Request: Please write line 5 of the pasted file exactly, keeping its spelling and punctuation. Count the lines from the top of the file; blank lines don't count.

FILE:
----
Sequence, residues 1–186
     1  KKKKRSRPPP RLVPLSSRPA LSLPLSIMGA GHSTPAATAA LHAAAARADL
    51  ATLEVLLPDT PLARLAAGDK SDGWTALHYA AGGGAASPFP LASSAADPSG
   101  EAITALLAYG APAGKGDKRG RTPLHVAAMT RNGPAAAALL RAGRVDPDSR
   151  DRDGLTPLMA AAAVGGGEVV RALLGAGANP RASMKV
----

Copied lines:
   151  DRDGLTPLMA AAAVGGGEVV RALLGAGANP RASMKV